Last night my parents, some close family friends, and I went to see the final Harry Potter film. Without revealing spoilers, I’ll just say that it was a very satisfying, bittersweet close. I read a few reviews before going, and a couple said that the movie was great…until the ending, which was much too abrupt. To be honest, I thought the ending in the last book was a bit rubbish, much too contrived and saccharine on the page. However, I think it worked brilliantly on the screen. It was almost as if Rowling wrote that epilogue as more screenplay that novel. I’m willing to admit, rather ashamed, that I enjoyed the experience of the film far more than that of reading the book. That is a very rare occurence for me, I assure you. All and all, as I said, the final film was wonderful even despite having to see it in 3D because those were the only tickets we could get. I despise 3D. It has a bit of a car sickness effect on me until my brain and eyes can adjust and ignore it. I was happy enough to be there, though, that it didn’t bother me much.
It was a bit weird, as my mom accurately observed, leaving the theater at the end not saying “Oh I can’t wait for the next one!” I could not shake the feeling that the final nail in the coffin of my childhood had finally been driven. It’s been a rather prolonged death in terms of literature and film. I think it began with the release of the last book in 2007, the summer I began college. I felt loss when I finished it. I actually cried. There were still films to be made, though, so it didn’t quite seem to be over yet. Strangely enough, the release of the last Toy Story film last year (though I hear there are unfortunately rumors of another one) also seemed to bring that period of my life closer to an end. As with Harry, I fell in the age group that grew up with Andy. It was strange to think of them as adults and myself as one also when it seemed not so very long ago that we weren’t. Watching the film last night, I did not cry or feel sad for the end. I think the last four years have been a long enough mourning period that I was finally ready to say good-bye with a light heart, not just to Harry, Hermione, and Ron and all of the members of their world who had become such good friends for so many but my childhood as well. It was time. It was also extremely apropos and proof of the circular nature of life, that the friends with whom we attended last night’s showing were the same with whom we saw the first film ten years ago when their son and daughter and I were all children. Now their son is a senior in college, their daughter is starting college in the fall, and I, of course, am starting graduate school in a month. Funny how fast decades can pass.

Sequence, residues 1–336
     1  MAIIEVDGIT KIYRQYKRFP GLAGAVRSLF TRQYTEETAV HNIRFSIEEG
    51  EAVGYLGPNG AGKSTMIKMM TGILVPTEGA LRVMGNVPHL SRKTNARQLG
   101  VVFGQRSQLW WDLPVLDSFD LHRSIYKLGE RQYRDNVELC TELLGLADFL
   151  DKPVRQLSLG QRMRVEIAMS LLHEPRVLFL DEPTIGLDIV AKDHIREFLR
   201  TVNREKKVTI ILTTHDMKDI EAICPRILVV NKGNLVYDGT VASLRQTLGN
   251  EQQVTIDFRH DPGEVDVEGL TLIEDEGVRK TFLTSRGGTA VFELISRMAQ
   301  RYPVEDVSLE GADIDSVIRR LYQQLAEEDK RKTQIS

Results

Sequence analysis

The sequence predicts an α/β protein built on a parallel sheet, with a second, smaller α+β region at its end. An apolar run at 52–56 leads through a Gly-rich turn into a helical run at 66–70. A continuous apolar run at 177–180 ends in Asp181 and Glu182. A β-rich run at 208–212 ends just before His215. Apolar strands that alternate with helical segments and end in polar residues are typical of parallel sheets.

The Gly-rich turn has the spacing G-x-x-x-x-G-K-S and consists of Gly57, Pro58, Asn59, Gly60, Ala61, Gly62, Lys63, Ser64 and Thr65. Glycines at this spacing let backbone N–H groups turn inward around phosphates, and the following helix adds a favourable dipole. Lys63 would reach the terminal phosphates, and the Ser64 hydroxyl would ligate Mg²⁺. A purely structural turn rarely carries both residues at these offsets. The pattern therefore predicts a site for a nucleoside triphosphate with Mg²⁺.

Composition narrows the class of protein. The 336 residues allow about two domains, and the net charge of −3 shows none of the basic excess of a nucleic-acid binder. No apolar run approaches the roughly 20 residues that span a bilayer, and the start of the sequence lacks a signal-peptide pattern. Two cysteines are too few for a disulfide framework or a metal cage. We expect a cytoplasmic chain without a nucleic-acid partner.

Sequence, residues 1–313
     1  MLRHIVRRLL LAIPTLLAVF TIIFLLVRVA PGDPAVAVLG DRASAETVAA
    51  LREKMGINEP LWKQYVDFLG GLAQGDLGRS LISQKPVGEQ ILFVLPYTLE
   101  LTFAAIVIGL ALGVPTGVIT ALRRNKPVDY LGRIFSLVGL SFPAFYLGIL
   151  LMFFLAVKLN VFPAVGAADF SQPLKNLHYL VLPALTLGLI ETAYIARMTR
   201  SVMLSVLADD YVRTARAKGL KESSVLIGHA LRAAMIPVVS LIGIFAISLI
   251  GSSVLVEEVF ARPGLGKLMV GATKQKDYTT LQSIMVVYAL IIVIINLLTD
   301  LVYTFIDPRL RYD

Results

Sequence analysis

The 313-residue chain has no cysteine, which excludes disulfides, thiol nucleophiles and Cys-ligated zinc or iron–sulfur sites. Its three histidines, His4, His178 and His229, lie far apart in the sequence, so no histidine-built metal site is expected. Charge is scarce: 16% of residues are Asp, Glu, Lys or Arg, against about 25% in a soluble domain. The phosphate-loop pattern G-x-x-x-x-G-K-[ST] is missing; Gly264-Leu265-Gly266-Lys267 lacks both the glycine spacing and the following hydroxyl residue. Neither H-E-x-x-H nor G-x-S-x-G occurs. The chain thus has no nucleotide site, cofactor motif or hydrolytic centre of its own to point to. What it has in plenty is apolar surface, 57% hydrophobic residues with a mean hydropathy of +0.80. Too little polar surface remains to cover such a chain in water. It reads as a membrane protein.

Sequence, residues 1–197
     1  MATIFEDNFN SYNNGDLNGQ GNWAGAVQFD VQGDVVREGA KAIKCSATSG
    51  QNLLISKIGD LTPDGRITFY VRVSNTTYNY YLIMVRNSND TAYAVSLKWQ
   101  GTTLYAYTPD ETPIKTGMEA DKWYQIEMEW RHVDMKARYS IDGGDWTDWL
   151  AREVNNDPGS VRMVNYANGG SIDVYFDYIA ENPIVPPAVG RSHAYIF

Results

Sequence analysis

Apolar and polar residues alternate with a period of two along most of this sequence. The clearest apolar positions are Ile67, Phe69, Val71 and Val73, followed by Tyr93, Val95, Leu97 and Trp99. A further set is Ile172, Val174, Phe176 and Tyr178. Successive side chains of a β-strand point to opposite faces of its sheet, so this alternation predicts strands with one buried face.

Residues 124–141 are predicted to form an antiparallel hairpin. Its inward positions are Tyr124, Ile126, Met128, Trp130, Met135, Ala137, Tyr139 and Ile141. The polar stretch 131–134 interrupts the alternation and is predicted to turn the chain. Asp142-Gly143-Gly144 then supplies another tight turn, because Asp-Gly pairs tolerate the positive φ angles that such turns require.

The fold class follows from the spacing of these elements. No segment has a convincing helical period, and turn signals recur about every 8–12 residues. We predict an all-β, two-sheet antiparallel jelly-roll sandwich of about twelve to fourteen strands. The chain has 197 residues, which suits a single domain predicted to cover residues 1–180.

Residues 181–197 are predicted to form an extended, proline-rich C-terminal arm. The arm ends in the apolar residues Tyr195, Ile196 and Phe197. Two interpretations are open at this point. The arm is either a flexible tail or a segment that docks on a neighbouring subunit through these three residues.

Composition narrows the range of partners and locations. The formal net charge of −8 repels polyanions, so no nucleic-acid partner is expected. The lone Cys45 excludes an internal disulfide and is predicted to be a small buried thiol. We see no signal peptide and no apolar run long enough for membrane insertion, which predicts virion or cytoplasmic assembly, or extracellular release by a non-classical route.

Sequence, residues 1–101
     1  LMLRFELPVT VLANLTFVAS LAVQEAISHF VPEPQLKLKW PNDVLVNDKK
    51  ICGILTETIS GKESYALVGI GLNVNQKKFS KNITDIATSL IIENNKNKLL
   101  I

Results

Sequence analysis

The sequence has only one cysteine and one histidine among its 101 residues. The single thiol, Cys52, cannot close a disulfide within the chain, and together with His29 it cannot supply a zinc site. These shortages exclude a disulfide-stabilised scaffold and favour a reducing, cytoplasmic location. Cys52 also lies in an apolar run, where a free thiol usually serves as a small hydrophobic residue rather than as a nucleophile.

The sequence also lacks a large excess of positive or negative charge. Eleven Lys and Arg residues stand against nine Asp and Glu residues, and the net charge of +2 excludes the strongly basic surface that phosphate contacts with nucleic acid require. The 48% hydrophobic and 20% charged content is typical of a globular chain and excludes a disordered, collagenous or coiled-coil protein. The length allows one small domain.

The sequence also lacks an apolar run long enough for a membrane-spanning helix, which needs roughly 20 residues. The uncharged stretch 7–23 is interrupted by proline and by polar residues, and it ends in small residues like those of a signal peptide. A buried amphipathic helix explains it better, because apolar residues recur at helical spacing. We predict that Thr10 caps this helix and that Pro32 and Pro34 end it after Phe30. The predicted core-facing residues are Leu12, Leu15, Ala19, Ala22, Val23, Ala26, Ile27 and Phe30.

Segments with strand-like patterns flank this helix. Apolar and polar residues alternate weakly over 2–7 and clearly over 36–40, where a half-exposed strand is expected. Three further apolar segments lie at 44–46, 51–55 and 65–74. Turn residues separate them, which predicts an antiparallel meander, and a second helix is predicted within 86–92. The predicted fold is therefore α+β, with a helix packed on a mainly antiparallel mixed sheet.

Well, enough of the heavy stuff. Suffice to say, I recommend the film to anyone and everyone. Go enjoy it with the people you love like I did. It makes it all the more worthwhile. Now, as promised, I need to go write some posts concerning a little trip to the land of rock ‘n roll, soul, and the blues. Enjoy your Saturday evenings, all.
But as a final gesture: Good bye, Harry, it was nice growing up with you.